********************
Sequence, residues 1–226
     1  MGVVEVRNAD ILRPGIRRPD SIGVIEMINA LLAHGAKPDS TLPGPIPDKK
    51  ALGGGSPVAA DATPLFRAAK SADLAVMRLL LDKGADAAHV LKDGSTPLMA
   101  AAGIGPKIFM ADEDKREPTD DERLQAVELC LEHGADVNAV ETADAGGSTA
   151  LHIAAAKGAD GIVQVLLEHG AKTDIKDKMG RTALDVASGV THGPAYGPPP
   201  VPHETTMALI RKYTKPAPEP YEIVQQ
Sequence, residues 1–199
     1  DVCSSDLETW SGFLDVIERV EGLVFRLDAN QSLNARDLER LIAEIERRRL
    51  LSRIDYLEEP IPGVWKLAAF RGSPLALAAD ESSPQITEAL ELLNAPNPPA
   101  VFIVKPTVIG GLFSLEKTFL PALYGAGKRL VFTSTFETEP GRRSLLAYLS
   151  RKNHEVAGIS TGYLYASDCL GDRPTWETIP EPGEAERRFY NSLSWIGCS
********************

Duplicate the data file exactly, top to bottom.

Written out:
Sequence, residues 1–226
     1  MGVVEVRNAD ILRPGIRRPD SIGVIEMINA LLAHGAKPDS TLPGPIPDKK
    51  ALGGGSPVAA DATPLFRAAK SADLAVMRLL LDKGADAAHV LKDGSTPLMA
   101  AAGIGPKIFM ADEDKREPTD DERLQAVELC LEHGADVNAV ETADAGGSTA
   151  LHIAAAKGAD GIVQVLLEHG AKTDIKDKMG RTALDVASGV THGPAYGPPP
   201  VPHETTMALI RKYTKPAPEP YEIVQQ
Sequence, residues 1–199
     1  DVCSSDLETW SGFLDVIERV EGLVFRLDAN QSLNARDLER LIAEIERRRL
    51  LSRIDYLEEP IPGVWKLAAF RGSPLALAAD ESSPQITEAL ELLNAPNPPA
   101  VFIVKPTVIG GLFSLEKTFL PALYGAGKRL VFTSTFETEP GRRSLLAYLS
   151  RKNHEVAGIS TGYLYASDCL GDRPTWETIP EPGEAERRFY NSLSWIGCS